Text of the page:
A life is not important except in the impact it has on other lives. —Jackie Robinson
Major League Baseball celebrates Jackie Robinson annually on April 15, the anniversary of his MLB debut with the Brooklyn Dodgers. Shared on social media today are many “letters to Jackie” from players around the game that recognize the impact Robinson has had on their lives and careers. Marlins’ second baseman Jazz Chisholm Jr. was one of the players who penned a note, pictured below:
Along with recognizing the personal impact of Robinson and his courage, more than 100 MLB players are donating their salaries on April 15 to The Players Alliance, a nonprofit organization formed by Black Major League Baseball Players who are “focused on building equitable systems in order to change the trajectory of diversity throughout baseball.”
Curtis Granderson, a former Marlin, is the President of The Players Alliance. He noted earlier this week that in addition to honoring Robinson’s legacy, April 15 is a reminder that there is still much work to be done in our game.
Part of their efforts on Jackie Robinson Day this season is support for the Jackie Robinson Foundation, an organization with a scholars program that “addresses the financial needs of college students and provides extensive, hands-on mentoring and support services.” The work that The Players Alliance has accomplished so far is incredible and deserves the game’s recognition and support.
As Christina De Nicola wrote for MLB.com earlier this month, the Miami Marlins are making a conscious effort to prioritize diversity and inclusion all throughout the organization. De Nicola’s article focused mainly on the women in the Marlins organization, but notes that the organization has also prioritized diversity and inclusion on many levels. Raquel “Rocky” Egusquiza was named the club’s vice president of diversity, equity and inclusion. The team is being proactive with their efforts to hire and work with people who reflect the diversity found in South Florida. De Nicola explains why this is important:
“Life is not a spectator sport. If you’re going to spend your whole life in the grandstand just watching what goes on, in my opinion you’re wasting your life.” —Jackie Robinson
As baseball celebrates Robinson this season, it is on the backdrop of far too many cruel and senseless acts of violence against people of color in our country. These are the ones that have been caught on video and are widely shared on television and social media. For every act of violence that is captured, there are handfuls of others that are not.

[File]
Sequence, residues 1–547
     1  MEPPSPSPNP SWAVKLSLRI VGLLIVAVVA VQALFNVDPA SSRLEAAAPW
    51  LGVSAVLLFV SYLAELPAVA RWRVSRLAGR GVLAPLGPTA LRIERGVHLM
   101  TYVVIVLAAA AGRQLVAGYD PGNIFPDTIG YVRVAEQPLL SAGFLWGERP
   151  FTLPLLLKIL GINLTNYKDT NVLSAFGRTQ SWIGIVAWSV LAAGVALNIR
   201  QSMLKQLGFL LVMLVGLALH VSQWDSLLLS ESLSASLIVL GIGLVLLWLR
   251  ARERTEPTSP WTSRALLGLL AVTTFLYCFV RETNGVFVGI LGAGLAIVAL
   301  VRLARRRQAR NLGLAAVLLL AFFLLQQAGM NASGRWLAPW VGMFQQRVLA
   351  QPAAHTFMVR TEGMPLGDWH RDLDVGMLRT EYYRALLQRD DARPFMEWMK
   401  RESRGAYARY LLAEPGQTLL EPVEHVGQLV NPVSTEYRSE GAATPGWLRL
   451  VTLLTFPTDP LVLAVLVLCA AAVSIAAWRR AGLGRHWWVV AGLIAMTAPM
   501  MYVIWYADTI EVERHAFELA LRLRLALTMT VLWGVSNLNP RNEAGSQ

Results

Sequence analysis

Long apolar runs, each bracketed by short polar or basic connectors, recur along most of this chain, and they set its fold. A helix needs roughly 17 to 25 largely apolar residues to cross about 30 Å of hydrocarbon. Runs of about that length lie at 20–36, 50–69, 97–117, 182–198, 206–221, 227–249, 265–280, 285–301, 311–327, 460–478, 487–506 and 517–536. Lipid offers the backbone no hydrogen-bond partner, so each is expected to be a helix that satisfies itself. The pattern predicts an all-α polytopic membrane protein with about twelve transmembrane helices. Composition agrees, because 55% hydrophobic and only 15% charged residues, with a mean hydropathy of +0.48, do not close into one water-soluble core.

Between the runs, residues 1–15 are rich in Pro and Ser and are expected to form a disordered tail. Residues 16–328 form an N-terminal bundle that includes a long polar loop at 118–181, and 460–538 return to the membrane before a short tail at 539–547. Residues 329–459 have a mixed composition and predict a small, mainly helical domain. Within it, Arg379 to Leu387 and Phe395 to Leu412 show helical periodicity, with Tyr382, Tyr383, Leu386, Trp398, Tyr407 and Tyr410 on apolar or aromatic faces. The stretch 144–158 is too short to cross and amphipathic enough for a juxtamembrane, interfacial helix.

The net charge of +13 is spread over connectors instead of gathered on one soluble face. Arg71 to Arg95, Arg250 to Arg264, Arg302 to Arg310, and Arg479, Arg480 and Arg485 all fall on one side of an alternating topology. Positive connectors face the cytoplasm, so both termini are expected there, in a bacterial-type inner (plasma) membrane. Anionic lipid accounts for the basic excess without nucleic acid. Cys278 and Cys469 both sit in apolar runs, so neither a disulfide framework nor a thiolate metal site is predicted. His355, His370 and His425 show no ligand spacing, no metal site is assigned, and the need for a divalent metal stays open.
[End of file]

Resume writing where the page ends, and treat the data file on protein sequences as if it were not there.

As a white person in this country, I know that the color of my skin affords me privileges that people of color do not have. The league and teams within baseball largely look like me, too. I won’t pretend to understand the struggles of my Black and Brown peers, but I can’t remain a spectator. Major League Baseball shouldn’t either. By focusing on one part of Jackie Robinson, his number 42, we’re doing the opposite of what he says above: If you’re going to spend your whole life in the grandstand just watching what goes on, in my opinion you’re wasting your life.
MLB seems to cling to the comfortable version of Jackie Robinson—the vision of Pee Wee Reese embracing his teammate and saying, “Maybe tomorrow we’ll all wear 42, so nobody could tell us apart.” While sentimental, the gesture of donning 42 on jerseys seems empty when you consider that less than 8% of players wearing the 42 jersey are Black. As Bill Shaikin noted on Twitter, the percentage of Black players on MLB rosters was 18% in 1991, 13% in 2001, and has dwindled to single digits this year, per the Institute for Diversity and Ethics in Sport.
The Athletic’s Kavitha A. Davidson wrote today about MLB’s annual celebration of Jackie Robinson in her article, It’s time for MLB to tell the truth about Jackie. If you aren’t able to read the full article, take some time to read and reflect on the few lines below:
It feels increasingly like the day is used to celebrate MLB, and by extension America, for correcting a barrier that never should have been there in the first place. MLB certainly deserves credit for its recent efforts in diversity, and particularly for its decision to move the All-Star Game from Atlanta in the wake of Georgia’s new voting law. But it’s important that the day doesn’t obscure the real challenges the sport and the country still face when it comes to race.
Racism in baseball and the country didn’t end when Robinson took the field, much like America didn’t enter a post-racial society after the election of President Barack Obama. Furthermore, Robinson’s legacy has been largely sanitized to suit a narrative of a benevolent owner and a player who “kept his head down” amid the racial abuse he continued to suffer. As we saw when Henry Aaron died in January, the activism and righteous anger of legendary Black players tends to be cleansed from the historical record to create a narrative that’s more easily digestible for fans and doesn’t bring up uncomfortable realities.